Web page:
Knowledge work like software engineering generally boils down to being able to creatively execute on a schedule. The question is: how does one develop these skills? I believe it requires three core things: doing lots of work, exercising creativity, and focusing. The goal is to go from beginner to practitioner.
Suppose one takes the typical path and graduates college. What are they? I like to think the model that medicine uses is appropriate. You graduate from college, you have a residency, followed by a fellowship. Being a practioner is the time when you are able to build and ship things to the world with little to no management above yourself.
Beginners know nothing, so should they focus their efforts into trying to build one thing well? I think this is a mistake because their palette is limited. My philosophy is to try lots of things. Have an idea, and then quickly try to realize it as fast as possible. Make lots of stuff. Make lots of junk. Make, Do, Make, Do. Be fearless, and make a mess. Do. More. Make. Harder. Create.
Creativity is about trying things, then evaluating them. If you have an idea, then don't judge it. Simply accept the idea, and work on it. Once you realize the idea and bring it into reality, then judge it. Many times, it is easy (and lazy) to have an idea and dismiss it. Instead, embrace it, run with it. The beginners goal is to learn things.
Once you judge something, then you may realize it isn't good. That is great! The question is: what matters? This involves seeing what you can measure and then try to maximize that. Suppose you make a game, and it is slow. Focus only on speed. Don't worry about code quality or other non important metrics. Focus on hacking it until it is a blazing fast example of speed.
Suppose you make something that works well, but is hard to extend? Focus on generalizing, and don't worry about other things.
Maybe the game you made sucks, try to make it fun regardless of the plugin architecture.
Focusing is about putting all but one way to judge out of view.
Once you have demonstrated that you can take a single idea and maximize a single variable (like performance or code quality), you can start the path towards practitioner.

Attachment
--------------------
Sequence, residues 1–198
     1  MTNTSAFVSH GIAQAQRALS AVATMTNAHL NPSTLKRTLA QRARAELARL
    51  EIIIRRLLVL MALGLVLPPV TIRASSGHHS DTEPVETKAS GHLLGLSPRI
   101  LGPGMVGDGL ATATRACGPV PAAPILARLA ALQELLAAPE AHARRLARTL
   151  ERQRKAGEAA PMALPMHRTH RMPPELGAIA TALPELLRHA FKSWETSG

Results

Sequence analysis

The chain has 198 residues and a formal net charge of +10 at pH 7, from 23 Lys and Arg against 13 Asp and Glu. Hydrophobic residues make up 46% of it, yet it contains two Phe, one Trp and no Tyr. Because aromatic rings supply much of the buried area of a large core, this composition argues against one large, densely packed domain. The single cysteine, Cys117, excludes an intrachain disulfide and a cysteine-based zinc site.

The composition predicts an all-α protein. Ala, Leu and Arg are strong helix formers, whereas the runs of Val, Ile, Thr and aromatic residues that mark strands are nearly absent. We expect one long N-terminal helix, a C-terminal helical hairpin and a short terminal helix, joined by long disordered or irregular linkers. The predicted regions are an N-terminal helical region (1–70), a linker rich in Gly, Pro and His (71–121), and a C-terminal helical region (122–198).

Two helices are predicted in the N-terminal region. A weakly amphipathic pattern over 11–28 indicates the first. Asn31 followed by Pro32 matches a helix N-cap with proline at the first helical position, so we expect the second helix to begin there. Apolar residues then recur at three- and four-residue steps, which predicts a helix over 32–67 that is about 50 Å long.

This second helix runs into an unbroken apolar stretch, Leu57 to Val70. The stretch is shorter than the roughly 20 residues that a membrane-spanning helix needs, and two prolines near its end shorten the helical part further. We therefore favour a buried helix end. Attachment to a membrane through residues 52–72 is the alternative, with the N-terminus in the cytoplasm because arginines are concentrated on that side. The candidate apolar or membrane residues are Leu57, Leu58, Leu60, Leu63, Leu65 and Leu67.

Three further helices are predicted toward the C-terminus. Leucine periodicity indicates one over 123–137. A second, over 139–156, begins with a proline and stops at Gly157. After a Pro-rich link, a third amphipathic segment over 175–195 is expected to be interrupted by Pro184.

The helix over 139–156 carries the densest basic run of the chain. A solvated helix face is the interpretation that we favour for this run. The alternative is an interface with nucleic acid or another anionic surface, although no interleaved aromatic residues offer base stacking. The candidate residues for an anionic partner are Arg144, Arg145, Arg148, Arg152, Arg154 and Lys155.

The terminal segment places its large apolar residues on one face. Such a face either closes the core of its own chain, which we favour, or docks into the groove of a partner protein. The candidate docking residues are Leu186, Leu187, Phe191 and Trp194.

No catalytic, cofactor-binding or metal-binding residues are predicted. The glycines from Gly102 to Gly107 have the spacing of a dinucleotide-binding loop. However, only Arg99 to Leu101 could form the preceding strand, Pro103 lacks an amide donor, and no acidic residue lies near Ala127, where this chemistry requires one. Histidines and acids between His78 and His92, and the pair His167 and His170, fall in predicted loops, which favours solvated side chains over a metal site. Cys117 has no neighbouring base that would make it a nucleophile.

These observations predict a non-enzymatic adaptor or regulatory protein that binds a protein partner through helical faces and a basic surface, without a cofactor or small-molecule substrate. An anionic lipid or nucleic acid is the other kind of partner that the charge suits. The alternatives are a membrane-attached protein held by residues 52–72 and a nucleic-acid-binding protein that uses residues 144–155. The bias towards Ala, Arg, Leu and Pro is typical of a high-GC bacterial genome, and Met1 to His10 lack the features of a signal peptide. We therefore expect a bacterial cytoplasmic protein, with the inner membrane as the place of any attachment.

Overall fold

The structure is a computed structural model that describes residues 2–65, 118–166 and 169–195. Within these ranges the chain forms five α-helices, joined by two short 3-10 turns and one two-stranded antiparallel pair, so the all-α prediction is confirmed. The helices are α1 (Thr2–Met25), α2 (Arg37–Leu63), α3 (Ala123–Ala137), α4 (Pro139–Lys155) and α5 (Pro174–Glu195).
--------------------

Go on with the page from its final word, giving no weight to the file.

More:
I've picked on two things that you can (or kind of) measure: extensibility and performance. During the beginner phase, it is acceptable to have one thing right. As you transition away from pure beginner, you must focus on balancing and achieving multiple levels of high quality. Further still, the number of ways to measure things will increase. For instance, expand the above two things to:
Wow! that is a great deal of variables (and I am leaving more out) to maximize, and it is hard. Transitioning towards practitioner means picking your battles and optimizing for what is truly important and focus on maximzing multiple variables at the same time.
Once you recognized the sheer number of variables, you realize that you know very little. However, getting away from the beginner phase means you always understand the beginner phase and can repeat as needed.
Simply repeat the volume -> reserve judgement -> focus process (typically in a side project) until your grasp is enough to contribute meaningfully.
Unfortunately, there is no graduation ceremony. Instead, I think for software, the graduation ceremony is the moment you have the confidence to
and then achieve it.
Disclaimer: Opinions expressed are solely my own and do not express the views or opinions of my employer.
Also note, I do not use a spell checker. I maintain this entire site with nano because I'm an old man.